Los Angeles County Sheriff’s chief resigns over emails making fun of Muslims, women, other minorities

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Tom Angel, a powerful Los Angeles police official, resigned on Sunday after the Los Angeles Times published offensive emails he had sent while working for the Burbank Police Department.


The emails included forwarded messages with subject lines like "Short 'Bar' Joke/Devout Muslims," and "ROYALLY POLITICALLY INCORRECT." The content of 15 pages worth of letters obtained by the LA Times poked fun at Muslims, women, and other minorities.

One email included a list entitled "How dumb is dumb?" which explained "why Muslim Terrorists are so quick to commit suicide." The reasons are: "No Christmas," "No nude women," "Your wife can't shave," "towels for hats," and others.

Another included this joke: "Japanese scientists have recently created a camera with such a fantastic shutter speed that it is now possible to take a photograph of a woman with her mouth closed," and this one: "I took my Biology exam last Friday. I was asked to name two things commonly found in cells. Apparently, 'Blacks' and 'Mexicans' were NOT the correct answers."

Angel, who until Sunday was the chief of staff to LA County Sheriff Jim McDonnell, sent the emails in 2012 and 2013, when he was Deputy Police Chief for the Burbank PD.

In a statement posted to Facebook, McDonnell wrote that he found the emails to be "deeply troubling," and that he intends "to turn this situation into a learning opportunity for all LASD personnel." McDonnell continued:

In the immediate future, we will be meeting with constituent groups throughout the county to share thoughts and ideas about improving our understanding of the varied cultures and orientations and deepening our appreciation of the many ethnicities and religions that are part of the vibrant fabric of the population we serve. We will also examine our current training framework and evaluate our curriculum in these areas to maximize their effectiveness.


McDonnell also said that department officials "will assess existing policies and systems for ensuring accountability and enhancing cultural and ethnic sensitivity and professionalism among our personnel." The first step in that plan will be randomly auditing LASD employees' emails.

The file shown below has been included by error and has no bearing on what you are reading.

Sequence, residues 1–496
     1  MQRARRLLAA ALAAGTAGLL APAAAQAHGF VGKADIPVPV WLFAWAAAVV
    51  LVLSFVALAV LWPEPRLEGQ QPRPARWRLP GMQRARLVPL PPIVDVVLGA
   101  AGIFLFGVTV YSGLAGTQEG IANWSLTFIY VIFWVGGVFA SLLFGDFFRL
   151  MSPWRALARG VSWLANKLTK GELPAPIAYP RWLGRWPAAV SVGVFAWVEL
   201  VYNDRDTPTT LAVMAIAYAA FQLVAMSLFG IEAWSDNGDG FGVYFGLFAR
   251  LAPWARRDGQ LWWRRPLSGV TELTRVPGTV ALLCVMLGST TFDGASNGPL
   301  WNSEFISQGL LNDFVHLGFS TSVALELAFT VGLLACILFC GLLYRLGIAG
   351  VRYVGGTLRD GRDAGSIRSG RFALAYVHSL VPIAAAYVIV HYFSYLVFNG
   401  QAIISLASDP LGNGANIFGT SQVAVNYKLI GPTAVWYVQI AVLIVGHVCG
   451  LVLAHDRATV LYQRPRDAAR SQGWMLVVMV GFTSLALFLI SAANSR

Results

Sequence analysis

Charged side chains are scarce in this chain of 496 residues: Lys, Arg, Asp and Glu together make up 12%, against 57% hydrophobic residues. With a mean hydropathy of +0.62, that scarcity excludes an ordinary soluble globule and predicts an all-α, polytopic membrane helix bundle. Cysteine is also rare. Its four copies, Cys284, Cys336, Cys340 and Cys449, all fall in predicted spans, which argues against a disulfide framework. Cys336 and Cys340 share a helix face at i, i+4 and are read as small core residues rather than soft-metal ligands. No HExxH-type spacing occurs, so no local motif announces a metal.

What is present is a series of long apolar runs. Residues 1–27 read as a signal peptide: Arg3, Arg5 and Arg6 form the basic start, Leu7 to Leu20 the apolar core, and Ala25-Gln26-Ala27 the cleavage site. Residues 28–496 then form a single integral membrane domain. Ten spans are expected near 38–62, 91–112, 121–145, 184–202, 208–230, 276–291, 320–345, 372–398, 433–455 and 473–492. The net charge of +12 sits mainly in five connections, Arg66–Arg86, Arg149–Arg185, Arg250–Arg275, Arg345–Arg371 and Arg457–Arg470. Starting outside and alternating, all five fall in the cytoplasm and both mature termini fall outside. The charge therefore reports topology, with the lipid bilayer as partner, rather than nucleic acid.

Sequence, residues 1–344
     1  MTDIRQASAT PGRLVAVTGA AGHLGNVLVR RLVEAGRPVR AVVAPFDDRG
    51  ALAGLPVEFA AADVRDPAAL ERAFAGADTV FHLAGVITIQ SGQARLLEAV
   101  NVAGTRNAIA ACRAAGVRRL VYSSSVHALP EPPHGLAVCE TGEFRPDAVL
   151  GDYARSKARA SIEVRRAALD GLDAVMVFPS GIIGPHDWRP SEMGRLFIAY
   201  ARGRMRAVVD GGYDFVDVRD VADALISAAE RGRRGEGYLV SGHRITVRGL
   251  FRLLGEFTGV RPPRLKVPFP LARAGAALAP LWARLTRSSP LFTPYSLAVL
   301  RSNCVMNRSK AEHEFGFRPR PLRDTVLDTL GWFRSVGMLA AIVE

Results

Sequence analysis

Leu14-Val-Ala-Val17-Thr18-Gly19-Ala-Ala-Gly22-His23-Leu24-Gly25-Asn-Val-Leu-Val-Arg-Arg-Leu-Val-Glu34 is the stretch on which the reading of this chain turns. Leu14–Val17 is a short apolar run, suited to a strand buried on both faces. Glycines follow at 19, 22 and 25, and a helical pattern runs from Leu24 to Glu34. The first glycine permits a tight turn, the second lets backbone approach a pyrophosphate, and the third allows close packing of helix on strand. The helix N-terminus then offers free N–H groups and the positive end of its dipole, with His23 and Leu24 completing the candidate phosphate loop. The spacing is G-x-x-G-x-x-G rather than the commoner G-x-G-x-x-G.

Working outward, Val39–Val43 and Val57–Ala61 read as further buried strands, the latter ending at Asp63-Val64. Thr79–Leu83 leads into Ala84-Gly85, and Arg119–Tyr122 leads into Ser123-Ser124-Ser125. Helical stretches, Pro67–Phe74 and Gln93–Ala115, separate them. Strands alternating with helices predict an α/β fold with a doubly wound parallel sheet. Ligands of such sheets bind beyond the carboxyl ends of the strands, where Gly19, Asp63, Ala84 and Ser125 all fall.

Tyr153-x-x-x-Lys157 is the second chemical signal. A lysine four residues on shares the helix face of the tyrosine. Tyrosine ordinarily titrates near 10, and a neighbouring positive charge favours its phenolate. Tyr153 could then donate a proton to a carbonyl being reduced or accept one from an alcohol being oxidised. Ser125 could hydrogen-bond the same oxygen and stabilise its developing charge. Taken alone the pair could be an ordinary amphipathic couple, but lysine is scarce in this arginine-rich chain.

Some were not satisfied with the Sheriff's response, with came days after the revelation of the emails. Los Angeles Urban Policy Roundtable President Earl Ofari Hutchinson told the LA Times that McDonnell's lack of action against Angel speaks volumes. “You’re not doing anything if your initial reaction is, ‘That’s horrible, that’s terrible, but there’s nothing I can do or nothing I intend to do,’” he said, adding, “You are the man at the top, you set the direction, the tempo, the climate for the department. If you don’t take action, what you’re saying is the department doesn’t care.”


And Angel's initial apology was rather underwhelming. "Anybody in the workplace unfortunately forwards emails from time to time that they probably shouldn't have forwarded," Angel told the LA Times last week, adding, "I apologize if I offended anybody, but the intent was not for the public to have seen these jokes." McDonnell said at the time, "Everybody's got their own take on humor. This was divisive and nonproductive…it's a shame the whole thing happened at all."

Los Angeles is not the only city in California dealing with the fallout from insensitive messages sent by police officials—San Francisco is also in hot water over racist and homophobic texts sent by officers.


Danielle Wiener-Bronner is a news reporter.